South African business sentiment plunged to the lowest level in more than two decades in the first quarter and could weaken even further as the coronavirus hits the domestic and global economy.
A quarterly gauge measuring business confidence fell to 18 from 26 in the three months ended December, FirstRand Ltd.’s Rand Merchant Bank unit and Stellenbosch University’s Bureau for Economic Research said in a statement Wednesday.
That means more than eight out of every 10 respondents are unhappy with current business conditions. The survey was based on the responses of 1,800 business executives between Feb. 12 and March 2.
- The survey was done before news that Africa’s most-industrialized economy slumped into a recession in the fourth quarter and before the impact of the coronavirus on global output and markets intensified. That means business sentiment could become even worse and weigh on economic growth.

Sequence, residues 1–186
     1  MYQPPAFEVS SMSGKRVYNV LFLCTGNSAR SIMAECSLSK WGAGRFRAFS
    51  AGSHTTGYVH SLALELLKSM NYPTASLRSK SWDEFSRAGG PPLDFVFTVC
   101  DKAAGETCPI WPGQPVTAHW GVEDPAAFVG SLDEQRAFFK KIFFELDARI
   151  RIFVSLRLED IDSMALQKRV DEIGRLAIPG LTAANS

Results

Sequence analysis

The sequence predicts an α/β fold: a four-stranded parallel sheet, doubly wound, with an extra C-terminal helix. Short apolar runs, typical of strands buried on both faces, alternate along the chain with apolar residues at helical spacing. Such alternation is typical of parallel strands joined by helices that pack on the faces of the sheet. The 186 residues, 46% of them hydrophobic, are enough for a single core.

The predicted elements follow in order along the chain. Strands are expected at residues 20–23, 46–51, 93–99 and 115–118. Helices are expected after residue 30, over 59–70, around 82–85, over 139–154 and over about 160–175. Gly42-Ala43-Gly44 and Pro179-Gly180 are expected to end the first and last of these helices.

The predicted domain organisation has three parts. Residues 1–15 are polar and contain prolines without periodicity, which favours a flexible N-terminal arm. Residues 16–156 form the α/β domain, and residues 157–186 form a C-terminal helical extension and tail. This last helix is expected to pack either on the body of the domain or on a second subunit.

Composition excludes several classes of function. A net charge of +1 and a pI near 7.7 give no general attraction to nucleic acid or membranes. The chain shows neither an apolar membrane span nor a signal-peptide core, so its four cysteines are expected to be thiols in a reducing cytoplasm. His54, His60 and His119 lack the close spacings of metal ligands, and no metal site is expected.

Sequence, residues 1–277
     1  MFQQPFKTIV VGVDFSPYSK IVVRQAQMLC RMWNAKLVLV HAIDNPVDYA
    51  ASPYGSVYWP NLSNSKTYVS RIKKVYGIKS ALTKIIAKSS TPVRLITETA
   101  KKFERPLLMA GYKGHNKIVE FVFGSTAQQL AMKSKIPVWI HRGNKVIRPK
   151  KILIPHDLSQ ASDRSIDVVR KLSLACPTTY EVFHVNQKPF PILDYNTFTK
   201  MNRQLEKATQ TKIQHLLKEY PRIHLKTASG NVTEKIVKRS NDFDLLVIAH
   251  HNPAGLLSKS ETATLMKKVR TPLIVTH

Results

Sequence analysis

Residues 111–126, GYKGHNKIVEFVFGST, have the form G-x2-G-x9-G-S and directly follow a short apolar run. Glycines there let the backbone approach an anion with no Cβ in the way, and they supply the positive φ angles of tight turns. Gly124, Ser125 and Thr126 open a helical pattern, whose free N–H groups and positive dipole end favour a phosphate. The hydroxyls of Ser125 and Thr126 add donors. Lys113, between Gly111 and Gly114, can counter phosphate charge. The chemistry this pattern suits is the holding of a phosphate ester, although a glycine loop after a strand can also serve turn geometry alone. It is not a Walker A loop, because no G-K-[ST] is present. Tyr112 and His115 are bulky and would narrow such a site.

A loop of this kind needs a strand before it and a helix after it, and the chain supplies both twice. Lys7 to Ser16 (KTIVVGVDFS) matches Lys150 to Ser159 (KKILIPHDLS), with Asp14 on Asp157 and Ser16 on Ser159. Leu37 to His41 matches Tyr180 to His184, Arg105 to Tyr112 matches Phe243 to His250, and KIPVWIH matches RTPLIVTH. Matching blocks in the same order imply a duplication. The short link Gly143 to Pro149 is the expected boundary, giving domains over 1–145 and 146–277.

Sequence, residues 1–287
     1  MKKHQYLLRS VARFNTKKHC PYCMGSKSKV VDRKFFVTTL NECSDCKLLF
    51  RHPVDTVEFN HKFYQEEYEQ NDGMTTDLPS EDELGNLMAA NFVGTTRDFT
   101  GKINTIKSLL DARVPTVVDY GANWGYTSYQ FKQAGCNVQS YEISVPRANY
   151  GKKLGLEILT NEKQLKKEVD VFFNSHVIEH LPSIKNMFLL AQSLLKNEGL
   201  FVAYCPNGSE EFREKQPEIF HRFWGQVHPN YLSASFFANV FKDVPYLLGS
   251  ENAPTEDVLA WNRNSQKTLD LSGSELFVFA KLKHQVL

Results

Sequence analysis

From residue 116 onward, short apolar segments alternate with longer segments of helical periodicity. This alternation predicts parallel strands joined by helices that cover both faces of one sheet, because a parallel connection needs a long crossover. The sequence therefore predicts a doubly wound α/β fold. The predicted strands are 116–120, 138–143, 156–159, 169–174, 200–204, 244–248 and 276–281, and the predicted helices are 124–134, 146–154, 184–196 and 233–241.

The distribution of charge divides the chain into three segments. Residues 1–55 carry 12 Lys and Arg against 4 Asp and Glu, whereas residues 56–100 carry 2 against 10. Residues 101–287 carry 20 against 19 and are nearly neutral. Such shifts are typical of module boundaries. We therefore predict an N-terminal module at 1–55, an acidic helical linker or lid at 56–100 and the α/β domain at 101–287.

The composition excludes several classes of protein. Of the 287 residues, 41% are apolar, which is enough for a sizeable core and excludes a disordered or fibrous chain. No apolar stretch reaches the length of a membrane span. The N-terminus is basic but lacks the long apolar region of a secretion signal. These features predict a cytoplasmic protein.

- With a budget deficit at an almost three-decade high, South Africa’s government has no room to provide fiscal support to help soften the impact of a global slowdown and rather had to announce measures last month to trim spending and the government wage bill to rein in debt.
- “For a small open economy already in recession, the timing of the prospective sharp Covid-19-induced global slowdown could not have been worse,” said Ettienne le Roux, RMB’s chief economist. “Exports will be hit, tourism flows will be affected, and supply-chain disruptions will be widely felt. All the while when South Africa must continue dealing with the growth-dampening effects associated with the corrective fiscal measures necessary to help stabilize public-sector finances.”